“Well, I guess it all depends on how you look at it…”

“It all depends on how we look at things, and not on how things are in themselves. The least of things with a meaning is worth more in life than the greatest of things without it.”

― C.G. Jung

It would be unthinkable to contest that tastes in food and clothing differ widely. Yet  when it comes to happiness (something clearly far less unambiguous than food or clothing) we strangely imagine there is only one standard.  At least that is how it appears when some people seemingly cannot find anything happy about their own plight.  What book of rules are they reading to come to such a conclusion?  Who exactly have they consulted about the yardstick for happiness? What precedent of happiness have they relied upon?  Surely every moment of every day cannot be relentless misery?  But to listen to them you’d be inclined to think otherwise.

If indeed one purports to rest any conclusion in this matter upon clear thinking, then I believe that logic wins the day. There is in my opinion nothing mystical or phantasmagoric about happiness.  Only recently I chatted with a friend who recounted a tale which betrayed more than an element of disquietude.  By the time we had finished our discussion however the windup was, “Well, I guess it all depends on how you look at it”. You see, the so-called “spin” which we had put on the facts changed the circumstances from one of dismay and anxiety to one of accommodation and contentment.

It irks me that whenever the expression “Well, I guess it all depends on how you look at it” is used there is an implication that the truth is somehow being distorted sufficiently to alter a bad thing into a good thing.  The reason that irks me is because it never occurs to people who think that way that maybe it is their own thinking which is distorting the truth, not the other way around.  There is apparently a presumption of misery, not happiness. As a lawyer I am all for rebuttable presumptions, those open-ended principles, starting points which normally serve to provide a fair contest, an even playing ground, things like “innocent until proven guilty”.  Presumptions (even if by definition rebuttable) are only worthy of assumption if based upon fact.  I know of no fact in the universe which establishes a formula for happiness – other that is than, “…it all depends on how you look at it”. Certainly one must concede a degree of reasonableness in this as in all matters of consideration.  I am not suggesting that any situation without exception is a happy one.  What I am saying is that the qualification of most situations as happy or otherwise does indeed depend on how one looks at it.  One need only reflect a moment upon those many instances in life where our initial reaction was one of disappointment, only later to discover that it wasn’t as bad as we thought and that in fact it was pretty good.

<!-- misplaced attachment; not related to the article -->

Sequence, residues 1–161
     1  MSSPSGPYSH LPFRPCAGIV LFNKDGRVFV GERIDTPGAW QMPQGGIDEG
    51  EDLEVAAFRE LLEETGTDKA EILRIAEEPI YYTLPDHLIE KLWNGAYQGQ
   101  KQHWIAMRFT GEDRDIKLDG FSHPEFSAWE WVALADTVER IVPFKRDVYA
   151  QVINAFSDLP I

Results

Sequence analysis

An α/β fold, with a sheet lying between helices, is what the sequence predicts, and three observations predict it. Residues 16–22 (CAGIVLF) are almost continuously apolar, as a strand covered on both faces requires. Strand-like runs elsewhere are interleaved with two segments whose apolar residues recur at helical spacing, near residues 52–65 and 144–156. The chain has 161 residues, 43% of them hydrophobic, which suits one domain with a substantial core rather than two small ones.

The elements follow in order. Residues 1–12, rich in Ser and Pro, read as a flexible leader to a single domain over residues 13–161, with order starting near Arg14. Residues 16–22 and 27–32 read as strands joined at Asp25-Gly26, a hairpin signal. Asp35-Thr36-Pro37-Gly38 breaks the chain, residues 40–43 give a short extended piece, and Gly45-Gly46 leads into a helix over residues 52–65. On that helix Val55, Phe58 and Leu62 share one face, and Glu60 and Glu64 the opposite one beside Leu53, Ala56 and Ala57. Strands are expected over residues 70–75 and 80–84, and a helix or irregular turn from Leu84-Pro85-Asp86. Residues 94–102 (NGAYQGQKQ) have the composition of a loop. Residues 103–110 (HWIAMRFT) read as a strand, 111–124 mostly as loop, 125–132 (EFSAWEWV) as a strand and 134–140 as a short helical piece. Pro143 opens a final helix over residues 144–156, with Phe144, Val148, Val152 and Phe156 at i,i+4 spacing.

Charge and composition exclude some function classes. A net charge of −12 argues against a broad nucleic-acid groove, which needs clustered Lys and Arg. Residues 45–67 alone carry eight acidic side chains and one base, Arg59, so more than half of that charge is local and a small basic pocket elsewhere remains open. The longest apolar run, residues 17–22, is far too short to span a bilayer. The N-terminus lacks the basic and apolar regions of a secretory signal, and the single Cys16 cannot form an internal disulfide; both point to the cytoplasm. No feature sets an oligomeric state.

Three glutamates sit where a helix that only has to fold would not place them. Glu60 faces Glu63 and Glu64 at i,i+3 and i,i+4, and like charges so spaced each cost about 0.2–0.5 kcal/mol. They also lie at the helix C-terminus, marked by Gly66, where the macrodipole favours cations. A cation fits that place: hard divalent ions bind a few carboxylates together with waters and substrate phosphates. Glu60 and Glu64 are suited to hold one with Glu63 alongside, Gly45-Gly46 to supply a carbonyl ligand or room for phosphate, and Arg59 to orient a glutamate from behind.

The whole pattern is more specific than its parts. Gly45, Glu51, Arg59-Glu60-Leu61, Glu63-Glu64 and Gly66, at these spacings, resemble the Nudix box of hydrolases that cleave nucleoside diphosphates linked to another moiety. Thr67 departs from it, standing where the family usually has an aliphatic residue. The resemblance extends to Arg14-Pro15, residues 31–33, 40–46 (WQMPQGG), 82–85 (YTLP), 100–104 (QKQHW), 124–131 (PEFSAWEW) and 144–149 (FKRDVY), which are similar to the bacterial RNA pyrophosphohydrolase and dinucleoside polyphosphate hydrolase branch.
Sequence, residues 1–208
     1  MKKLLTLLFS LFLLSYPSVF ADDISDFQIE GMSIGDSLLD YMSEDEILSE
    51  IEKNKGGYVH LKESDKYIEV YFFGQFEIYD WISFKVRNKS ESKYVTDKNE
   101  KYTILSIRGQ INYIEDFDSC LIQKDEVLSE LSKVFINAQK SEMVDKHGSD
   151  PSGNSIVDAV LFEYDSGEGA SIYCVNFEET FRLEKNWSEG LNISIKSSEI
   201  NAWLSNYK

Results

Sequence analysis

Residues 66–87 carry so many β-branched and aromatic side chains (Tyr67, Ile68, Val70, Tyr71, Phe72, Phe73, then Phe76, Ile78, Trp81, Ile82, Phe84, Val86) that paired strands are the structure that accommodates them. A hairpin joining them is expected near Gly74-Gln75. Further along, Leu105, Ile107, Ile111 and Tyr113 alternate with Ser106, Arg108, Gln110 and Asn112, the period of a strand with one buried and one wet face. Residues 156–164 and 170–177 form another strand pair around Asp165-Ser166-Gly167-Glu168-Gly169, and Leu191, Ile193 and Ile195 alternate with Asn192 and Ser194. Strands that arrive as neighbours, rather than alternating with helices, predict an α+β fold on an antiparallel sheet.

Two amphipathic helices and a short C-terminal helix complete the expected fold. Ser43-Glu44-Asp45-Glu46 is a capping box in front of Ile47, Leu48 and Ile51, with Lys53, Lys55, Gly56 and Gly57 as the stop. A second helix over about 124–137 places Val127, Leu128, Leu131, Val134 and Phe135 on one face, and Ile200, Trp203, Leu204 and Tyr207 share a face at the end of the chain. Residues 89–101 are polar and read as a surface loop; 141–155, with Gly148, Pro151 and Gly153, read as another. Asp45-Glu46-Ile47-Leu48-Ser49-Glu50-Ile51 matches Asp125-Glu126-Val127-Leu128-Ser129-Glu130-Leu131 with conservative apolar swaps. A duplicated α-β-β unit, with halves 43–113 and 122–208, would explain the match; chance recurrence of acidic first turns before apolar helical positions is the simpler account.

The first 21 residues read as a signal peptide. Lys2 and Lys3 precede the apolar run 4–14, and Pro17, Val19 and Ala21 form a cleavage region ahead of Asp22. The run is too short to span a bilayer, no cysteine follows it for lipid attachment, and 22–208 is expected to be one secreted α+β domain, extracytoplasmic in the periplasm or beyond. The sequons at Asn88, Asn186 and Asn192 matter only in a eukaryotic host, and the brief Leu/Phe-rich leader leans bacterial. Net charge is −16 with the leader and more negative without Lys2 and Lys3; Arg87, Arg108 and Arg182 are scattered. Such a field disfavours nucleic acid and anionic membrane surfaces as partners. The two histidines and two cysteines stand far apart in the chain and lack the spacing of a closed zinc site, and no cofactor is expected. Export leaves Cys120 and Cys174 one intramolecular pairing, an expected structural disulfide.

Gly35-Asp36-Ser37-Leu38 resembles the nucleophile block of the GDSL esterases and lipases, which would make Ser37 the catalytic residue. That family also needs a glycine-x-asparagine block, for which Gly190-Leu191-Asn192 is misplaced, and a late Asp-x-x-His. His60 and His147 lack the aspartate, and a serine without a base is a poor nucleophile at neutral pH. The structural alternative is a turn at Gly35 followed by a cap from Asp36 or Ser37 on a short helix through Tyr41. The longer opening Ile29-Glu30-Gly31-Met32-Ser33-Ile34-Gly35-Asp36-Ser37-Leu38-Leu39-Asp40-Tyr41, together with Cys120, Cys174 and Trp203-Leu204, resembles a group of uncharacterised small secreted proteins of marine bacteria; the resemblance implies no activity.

A tautology is a statement which is true in any universe – like 2+2=4.  You might say it is true by definition. Many people have adopted definitions of happiness which are often not only preposterous but also inconceivable in many other societies.  We are not born thinking that a fast car or a big house or money are the benchmarks of happiness. We are conditioned by self-interested advertising and ignorant peer pressure and fantastic movies which have no connection whatever with fact or reality to prefer those mundane criteria.  Only lately is it becoming fashionable for full-figured women to view themselves less than critically.  That this is an advance in our development is remarkable because I cannot imagine any one of those Madison Avenue models even contemplating eating a dessert!  The marketed agenda for happiness borders on maniacal!

Even when the distinction between happiness or not involves the same thing – like a house – the issue frequently turns upon ownership as opposed to tenancy.  In other words, it doesn’t just matter that you have a house to live in, you have to own it to be happy. This illustrates that the view of happiness is external not internal.  And it isn’t just how we look at it, it’s how we imagine others look at it.  To understand how ridiculous this is, we need only ask ourselves how much we really care about what other people own.  At the outside we care about what other people own only to the extent that we speculate our ownership of something similar would advance our own happiness.  It is this sort of convoluted thinking which distorts what it is to be happy.

There is nothing wrong with owning a fast car or a big house or having money.  What matters is whether you’re happy with your lot in life whatever it may be.  And it doesn’t help to make a mockery of the “poor little rich girl” syndrome as though any one of us would happily trade places with her.  To think of happiness prospectively is never the answer.  It is an odd paradox that if we can manage to be happy now, we’ll always be happy.